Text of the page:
1.  it’s written native C – IT’S FAST!!!  with assembler level components!  (many others I’ve seen are way to slow to generate “heavy load”.  I once used RowGen to generate 986MB of data inside 4 hours on a Dell PowerEdge 2650 with 2 CPU’s and no hyperthreading, 4 GB RAM – running Windows Server 2008 32 bit.
  2. it has a set of scripting commands, that allow me run lookups, pre-generate files, generate associations across files, etc…
  3. it can take advantage of multi-core CPU Power…  It’s MULTI-THREADED
  4. It’s a command line interface – letting me script the test cases and data generation.
  5. I can setup RowGen to “use” some columns of real-data from real-source files.
  6. It recognizes patterns, and uses a statistical algorithm to allow generation spread of each column for sparsity.
  7. It can run on a mainframe if necessary, or Linux, or Unix, or Windows…
  8. It’s CHEAP!!!  Compared to some other systems, it used to be a $1500 entry point (check with them for current pricing).

There are many many more features and reasons why I like RowGen, but if you do talk to them, just tell them I sent you.  *** NOTE: I am not a reseller, I do not receive any fees for talking about the product, I do not receive any monetary compensation here, and I DO NOT ENDORSE ANY PRODUCT I HAVEN’T USED or don’t like.  *** In this case, I like the product, I’ve used the product, and I endorse the product.

Balancing to Real-Data

There are some tests that should balance the raw data set to the source system, these balancing routines must be tested very carefully to ensure they don’t produce false-positives, or false-negatives.  Once the balancing routines are in place, then testing can be fairly easy.  Some suggestions: run: sum(x), count(y), average(z), min(a), max(b), count(distinct c), count( null(d)) etc…  across the satellites FOR A SPECIFIC LOAD DATE, tie together these images against a SINGLE load date in the staging area, if they don’t match – you’ve got trouble.  REMEMBER: Staging areas MAY contain duplicate rows, where Data Vaults DO NOT.  So, before balancing against a staging area, remove the duplicates!!!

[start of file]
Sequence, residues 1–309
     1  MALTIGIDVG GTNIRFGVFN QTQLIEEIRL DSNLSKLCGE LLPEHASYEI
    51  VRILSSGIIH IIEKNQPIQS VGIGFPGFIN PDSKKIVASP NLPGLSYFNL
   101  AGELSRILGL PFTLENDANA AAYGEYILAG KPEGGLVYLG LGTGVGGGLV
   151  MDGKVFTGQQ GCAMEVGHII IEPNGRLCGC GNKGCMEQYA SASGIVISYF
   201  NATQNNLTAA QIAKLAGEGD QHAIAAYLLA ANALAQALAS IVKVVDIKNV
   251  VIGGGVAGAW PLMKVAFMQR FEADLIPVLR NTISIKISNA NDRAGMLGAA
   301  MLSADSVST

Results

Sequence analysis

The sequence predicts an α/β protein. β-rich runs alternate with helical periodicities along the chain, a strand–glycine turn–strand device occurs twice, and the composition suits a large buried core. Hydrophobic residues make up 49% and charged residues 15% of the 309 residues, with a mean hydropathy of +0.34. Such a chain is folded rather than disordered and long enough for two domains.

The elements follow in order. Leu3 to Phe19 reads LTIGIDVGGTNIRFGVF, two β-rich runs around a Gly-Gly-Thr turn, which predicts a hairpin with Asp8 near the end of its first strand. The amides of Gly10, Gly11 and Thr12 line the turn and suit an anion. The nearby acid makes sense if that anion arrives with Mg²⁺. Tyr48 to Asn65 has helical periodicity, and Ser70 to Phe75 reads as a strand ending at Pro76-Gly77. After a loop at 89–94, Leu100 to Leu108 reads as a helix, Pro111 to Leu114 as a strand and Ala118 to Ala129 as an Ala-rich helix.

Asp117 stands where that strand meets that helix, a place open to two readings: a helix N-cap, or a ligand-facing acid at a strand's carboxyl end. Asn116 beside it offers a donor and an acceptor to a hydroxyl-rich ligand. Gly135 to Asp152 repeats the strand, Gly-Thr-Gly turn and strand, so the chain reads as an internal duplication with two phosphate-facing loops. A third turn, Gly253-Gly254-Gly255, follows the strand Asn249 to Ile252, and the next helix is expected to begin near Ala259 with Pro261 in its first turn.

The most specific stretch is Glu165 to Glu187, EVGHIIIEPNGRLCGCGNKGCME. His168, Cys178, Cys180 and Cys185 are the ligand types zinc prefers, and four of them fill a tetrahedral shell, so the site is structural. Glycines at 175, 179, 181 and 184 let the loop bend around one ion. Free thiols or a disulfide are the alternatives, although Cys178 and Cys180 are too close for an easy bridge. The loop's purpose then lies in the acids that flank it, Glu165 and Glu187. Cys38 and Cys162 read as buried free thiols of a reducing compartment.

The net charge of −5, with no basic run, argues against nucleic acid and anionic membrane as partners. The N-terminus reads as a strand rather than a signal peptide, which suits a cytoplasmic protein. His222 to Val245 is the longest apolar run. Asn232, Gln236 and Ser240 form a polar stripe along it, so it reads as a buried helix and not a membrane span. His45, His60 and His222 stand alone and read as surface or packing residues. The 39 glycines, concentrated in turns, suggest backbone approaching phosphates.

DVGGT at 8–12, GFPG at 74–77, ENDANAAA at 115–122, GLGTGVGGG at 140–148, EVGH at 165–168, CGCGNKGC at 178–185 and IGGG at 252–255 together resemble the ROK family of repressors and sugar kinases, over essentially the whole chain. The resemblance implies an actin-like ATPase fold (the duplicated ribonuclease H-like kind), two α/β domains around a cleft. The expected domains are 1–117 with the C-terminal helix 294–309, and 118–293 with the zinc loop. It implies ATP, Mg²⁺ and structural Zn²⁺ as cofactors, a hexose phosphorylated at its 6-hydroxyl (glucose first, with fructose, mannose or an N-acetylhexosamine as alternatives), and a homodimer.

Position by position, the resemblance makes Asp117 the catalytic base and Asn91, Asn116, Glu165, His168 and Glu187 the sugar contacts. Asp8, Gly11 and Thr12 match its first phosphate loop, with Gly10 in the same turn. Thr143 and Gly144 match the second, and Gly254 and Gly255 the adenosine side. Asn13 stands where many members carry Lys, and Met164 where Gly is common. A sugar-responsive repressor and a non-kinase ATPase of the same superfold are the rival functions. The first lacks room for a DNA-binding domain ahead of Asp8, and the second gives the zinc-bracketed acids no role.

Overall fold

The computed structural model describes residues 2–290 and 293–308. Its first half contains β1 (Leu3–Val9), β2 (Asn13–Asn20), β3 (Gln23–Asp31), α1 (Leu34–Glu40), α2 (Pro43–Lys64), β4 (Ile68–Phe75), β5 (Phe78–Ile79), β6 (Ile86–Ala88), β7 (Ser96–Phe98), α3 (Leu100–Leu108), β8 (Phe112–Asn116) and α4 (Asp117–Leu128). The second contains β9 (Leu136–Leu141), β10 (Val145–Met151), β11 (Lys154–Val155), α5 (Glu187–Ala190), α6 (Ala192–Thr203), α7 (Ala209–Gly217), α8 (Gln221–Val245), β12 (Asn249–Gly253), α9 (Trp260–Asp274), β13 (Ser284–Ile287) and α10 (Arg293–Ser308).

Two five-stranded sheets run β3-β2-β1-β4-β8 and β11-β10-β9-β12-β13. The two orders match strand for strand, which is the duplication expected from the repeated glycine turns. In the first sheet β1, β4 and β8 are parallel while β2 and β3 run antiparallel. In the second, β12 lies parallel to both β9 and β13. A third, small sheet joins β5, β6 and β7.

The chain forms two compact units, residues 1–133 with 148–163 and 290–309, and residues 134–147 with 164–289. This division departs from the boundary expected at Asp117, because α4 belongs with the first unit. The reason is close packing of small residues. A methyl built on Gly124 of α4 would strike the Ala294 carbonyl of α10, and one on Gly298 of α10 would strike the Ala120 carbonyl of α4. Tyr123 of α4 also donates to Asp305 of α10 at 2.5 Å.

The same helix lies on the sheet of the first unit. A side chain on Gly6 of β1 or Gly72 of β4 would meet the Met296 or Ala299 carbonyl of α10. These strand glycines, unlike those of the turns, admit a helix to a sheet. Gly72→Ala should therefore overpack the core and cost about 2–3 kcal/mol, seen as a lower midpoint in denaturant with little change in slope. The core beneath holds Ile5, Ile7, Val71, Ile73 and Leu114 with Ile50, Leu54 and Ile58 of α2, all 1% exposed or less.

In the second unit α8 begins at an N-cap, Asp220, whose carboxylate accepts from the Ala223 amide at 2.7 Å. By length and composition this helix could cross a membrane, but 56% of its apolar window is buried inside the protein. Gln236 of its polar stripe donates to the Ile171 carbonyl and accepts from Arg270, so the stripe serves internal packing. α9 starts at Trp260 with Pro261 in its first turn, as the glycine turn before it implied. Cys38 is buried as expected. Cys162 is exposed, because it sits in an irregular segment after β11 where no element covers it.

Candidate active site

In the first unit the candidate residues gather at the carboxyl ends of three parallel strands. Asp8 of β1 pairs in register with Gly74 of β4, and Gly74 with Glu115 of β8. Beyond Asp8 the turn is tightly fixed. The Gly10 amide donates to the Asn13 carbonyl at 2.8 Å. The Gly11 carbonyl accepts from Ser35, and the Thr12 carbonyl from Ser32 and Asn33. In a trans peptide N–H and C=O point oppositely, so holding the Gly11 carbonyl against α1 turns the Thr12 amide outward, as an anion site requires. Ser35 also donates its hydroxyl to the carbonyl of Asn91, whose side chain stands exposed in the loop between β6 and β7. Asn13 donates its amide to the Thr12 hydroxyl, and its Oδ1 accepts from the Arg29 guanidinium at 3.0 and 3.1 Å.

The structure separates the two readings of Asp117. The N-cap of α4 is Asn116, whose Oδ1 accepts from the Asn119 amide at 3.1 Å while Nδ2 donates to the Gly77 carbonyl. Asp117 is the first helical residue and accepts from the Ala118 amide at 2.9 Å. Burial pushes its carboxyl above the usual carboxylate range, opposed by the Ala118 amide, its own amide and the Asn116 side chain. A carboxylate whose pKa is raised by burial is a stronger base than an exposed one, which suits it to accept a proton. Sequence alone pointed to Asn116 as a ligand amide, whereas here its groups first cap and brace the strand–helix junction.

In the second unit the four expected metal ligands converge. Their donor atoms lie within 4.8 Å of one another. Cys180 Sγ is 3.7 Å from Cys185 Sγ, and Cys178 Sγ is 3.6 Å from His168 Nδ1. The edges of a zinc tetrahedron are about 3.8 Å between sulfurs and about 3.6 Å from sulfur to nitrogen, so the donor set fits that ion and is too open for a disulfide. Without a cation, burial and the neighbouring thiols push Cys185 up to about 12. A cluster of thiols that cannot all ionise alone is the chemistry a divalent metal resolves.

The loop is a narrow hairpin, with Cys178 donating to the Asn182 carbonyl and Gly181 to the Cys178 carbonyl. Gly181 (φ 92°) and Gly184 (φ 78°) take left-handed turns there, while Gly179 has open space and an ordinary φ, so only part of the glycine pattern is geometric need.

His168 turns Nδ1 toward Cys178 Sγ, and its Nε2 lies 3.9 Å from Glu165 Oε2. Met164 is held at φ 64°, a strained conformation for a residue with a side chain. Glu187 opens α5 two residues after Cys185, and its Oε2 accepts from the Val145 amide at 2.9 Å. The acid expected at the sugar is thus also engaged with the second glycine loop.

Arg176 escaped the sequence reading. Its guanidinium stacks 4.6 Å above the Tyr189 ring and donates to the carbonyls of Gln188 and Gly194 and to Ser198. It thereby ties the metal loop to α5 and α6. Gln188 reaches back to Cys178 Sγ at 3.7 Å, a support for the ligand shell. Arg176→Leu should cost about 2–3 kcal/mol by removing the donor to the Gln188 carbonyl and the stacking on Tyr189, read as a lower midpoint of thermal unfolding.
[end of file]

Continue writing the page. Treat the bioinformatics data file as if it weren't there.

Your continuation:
THEN: develop similar balancing routines that match the staging (duplicates and all) to the FLAT FILES (if the source is a flat file), or the source Database (if the source is a database).  compare the outputs.

These types of routines should be coded so they can be run once a week, or daily (depending on load frequency and performance).  They should send emails when things fall out of balance.

What about TESTING to see if all the data has arrived?

NOW HEAR THIS!!!  Source feeds tend to a) grow on a regular basis b) fluctuate with some level of consistency (within a given high/low average)  – these types of things need to be accounted for on “auto-testing” routines.  In other words, if a feed “grows” by an average of 100 rows a day, then you should  set a threshold that says, if I receive anything less than 75 new rows a day, send an email, fail the load… etc…  something may be wrong.  On the contrary you should set another rule: any time I receive more than 125 rows a day, see above….

Thresholding for automated “sanity checks” is yet another testing procedure that should be setup.

Now, regarding using real data as test data – once a test data set has been selected – it must be backed up!!  It must be used over and over again to test for pass/fail.  It also MUST be documented in a test case that this is REAL DATA that is not to be shared.

REMEMBER: TESTING WITH AN EMPTY DATA VAULT, FOLLOWED BY A SINGLE DAY’S LOAD, FOLLOWED AGAIN BY A DAY-2 LOAD IS A MUST.  A Day-2 Load will allow you test DELTA’S, and duplicate removal from the staging area.

Interested in more information? want test case examples?  contact me for training.

Cheers,
Dan L